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The Resource Language Structure and Environment : Social, cultural, and natural factors

Language Structure and Environment : Social, cultural, and natural factors

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Language Structure and Environment : Social, cultural, and natural factors
Title
Language Structure and Environment
Title remainder
Social, cultural, and natural factors
Creator
Contributor
Subject
Language
eng
Summary
It is widely understood that the socio-historical contexts of languages have a direct bearing on their structures and on the types of stance that communities take in relation to them. Within the discipline of linguistics these socio-historical contexts and their impacts on communities' use and understanding of language are generally referred to as sociolinguistic factors. Meanwhile within descriptive linguistics the structure of language remains core. This is evidenced in the shape of university course design, structures of textbooks, and in how linguistic knowledge is recorded. In this paper we seek to map the relationship of the socio-historical context of linguistics to the languages that we study and in doing so, shift the focus so that the socio-historical context becomes central. Through this process the shape of the languages themselves is altered.We present a case study that compares linguistic and community perspectives on language boundaries in Milne Bay Provence, Papua New Guinea, and explore the processes through which the languages are created as objects and then become emblematic of culture and identity. We discuss the strong links that communities make between language, place and spirituality and consider the opportunities that these perspectives hold for language descriptions. Finally we consider how we, as linguists, can hold multiple perspectives on language and create culturally safe partnerships with communities that result in materials consistent with speakers' goals for their language
Member of
Cataloging source
MiAaPQ
Literary form
non fiction
Nature of contents
dictionaries
Series statement
Cognitive Linguistic Studies in Cultural Contexts
Series volume
v.6
Language Structure and Environment : Social, cultural, and natural factors
Label
Language Structure and Environment : Social, cultural, and natural factors
Link
http://libproxy.rpi.edu/login?url=https://ebookcentral.proquest.com/lib/rpi/detail.action?docID=2059942
Publication
Copyright
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Carrier category
online resource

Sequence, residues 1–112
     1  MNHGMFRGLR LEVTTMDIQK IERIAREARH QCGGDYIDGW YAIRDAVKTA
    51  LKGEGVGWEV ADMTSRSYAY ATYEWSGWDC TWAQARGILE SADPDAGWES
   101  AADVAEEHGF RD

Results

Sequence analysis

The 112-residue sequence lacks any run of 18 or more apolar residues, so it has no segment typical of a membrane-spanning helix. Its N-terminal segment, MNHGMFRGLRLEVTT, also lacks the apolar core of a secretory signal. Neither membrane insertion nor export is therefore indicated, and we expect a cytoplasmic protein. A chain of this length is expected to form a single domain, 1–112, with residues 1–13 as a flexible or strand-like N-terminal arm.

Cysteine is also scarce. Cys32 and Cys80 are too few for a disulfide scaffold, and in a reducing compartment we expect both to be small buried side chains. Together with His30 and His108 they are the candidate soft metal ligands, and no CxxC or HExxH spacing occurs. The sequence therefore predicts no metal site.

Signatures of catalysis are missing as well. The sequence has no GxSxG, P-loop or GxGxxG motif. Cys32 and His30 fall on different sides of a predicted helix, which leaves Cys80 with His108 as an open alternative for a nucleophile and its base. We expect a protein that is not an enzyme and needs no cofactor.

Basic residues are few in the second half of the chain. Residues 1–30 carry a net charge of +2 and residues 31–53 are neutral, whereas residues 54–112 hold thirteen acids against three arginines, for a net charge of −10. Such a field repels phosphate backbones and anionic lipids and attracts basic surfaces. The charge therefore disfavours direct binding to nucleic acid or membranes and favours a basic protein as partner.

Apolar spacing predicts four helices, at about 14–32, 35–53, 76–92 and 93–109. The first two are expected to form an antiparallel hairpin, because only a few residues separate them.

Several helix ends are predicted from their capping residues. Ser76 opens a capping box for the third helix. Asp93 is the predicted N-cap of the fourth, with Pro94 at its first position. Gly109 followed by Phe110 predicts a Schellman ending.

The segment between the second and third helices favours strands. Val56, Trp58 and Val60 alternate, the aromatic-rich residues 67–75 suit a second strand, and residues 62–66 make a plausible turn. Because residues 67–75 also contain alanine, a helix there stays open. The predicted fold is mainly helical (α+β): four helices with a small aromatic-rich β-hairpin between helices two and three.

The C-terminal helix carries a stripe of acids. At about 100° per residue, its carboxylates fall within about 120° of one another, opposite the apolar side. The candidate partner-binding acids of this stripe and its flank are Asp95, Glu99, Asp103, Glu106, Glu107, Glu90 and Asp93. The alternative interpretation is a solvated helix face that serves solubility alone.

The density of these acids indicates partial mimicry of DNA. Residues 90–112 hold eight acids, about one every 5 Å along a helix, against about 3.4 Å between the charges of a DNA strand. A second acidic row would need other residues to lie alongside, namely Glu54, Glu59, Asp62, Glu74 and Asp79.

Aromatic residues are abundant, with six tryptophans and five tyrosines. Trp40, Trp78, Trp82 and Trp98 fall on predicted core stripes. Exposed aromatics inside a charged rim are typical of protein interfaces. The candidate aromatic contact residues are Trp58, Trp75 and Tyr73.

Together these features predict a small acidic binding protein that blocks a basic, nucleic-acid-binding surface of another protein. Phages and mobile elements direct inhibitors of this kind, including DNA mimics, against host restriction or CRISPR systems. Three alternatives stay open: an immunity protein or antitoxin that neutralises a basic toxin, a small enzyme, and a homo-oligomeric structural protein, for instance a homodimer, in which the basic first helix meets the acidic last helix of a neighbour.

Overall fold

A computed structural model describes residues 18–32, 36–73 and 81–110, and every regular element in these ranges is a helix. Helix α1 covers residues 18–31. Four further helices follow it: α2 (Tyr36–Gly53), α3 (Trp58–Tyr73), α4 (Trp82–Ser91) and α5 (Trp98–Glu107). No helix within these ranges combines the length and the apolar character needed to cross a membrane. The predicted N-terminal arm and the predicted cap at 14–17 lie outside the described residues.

Carrier category code
cr
Carrier MARC source
rdacarrier
Color
multicolored
Content category
text
Content type code
txt
Content type MARC source
rdacontent
Contents
  • Language Structure and Environment -- Editorial page -- Title page -- LCC data -- Table of contents -- The influence of social, cultural, and natural factors on language structure -- 1. Introduction -- 1.1 Non-autonomous syntax -- 1.2 Linguistic relativity -- 2. Related fields -- 2.1 Functional grammar -- 2.2 Sociolinguistics -- 2.3 Ecolinguistics -- 2.4 Ethnosyntax -- 3. Relevant environmental parameters -- 3.1 Cultural factors -- 3.2 Social factors -- 3.3 Geographical factors -- 3.4 Natural factors -- 3.5 Human biology -- 3.6 Meta-perception of language -- Bibliography -- Part 1. Grammar and culture -- On the logical necessity of a cultural and cognitive connection for the origin of all aspects of linguistic structure -- 1. Cognition: Inference in understanding our surroundings -- 2. The nature of communication: Ostension and inference -- 3. The nature of language: Language is culture -- 4. How the grammars of languages differ -- Do they constrain or not constrain the interpretation of a particular semantic domain? -- If they constrain the interpretation of a particular domain, how much do they constrain it? -- If they constrain the interpretation of a particular domain, how do they constrain it? -- 5. Final remarks -- References -- The body, the universe, society and language -- 1. Introduction -- 2. Modern Germanic in the grip of the unknown -- 3. Changes in PG grammar as enactments of the Anabaptist worldview -- 3.1 The grammaticalization of zehle: From 'counting' to 'predicting' -- 3.2 The degrammaticalization of wotte from subjunctive modal to 'desire' -- 3.3 The rise of fer 'for' in purposive complement clauses -- 4. The speed of changes in PG grammar -- 5. Early Germanic in the grip of the unknown -- 6. Experiencing illness -- 6.1 The impersonal verb construction and its variants -- 6.2 The construction of inalienability and its variants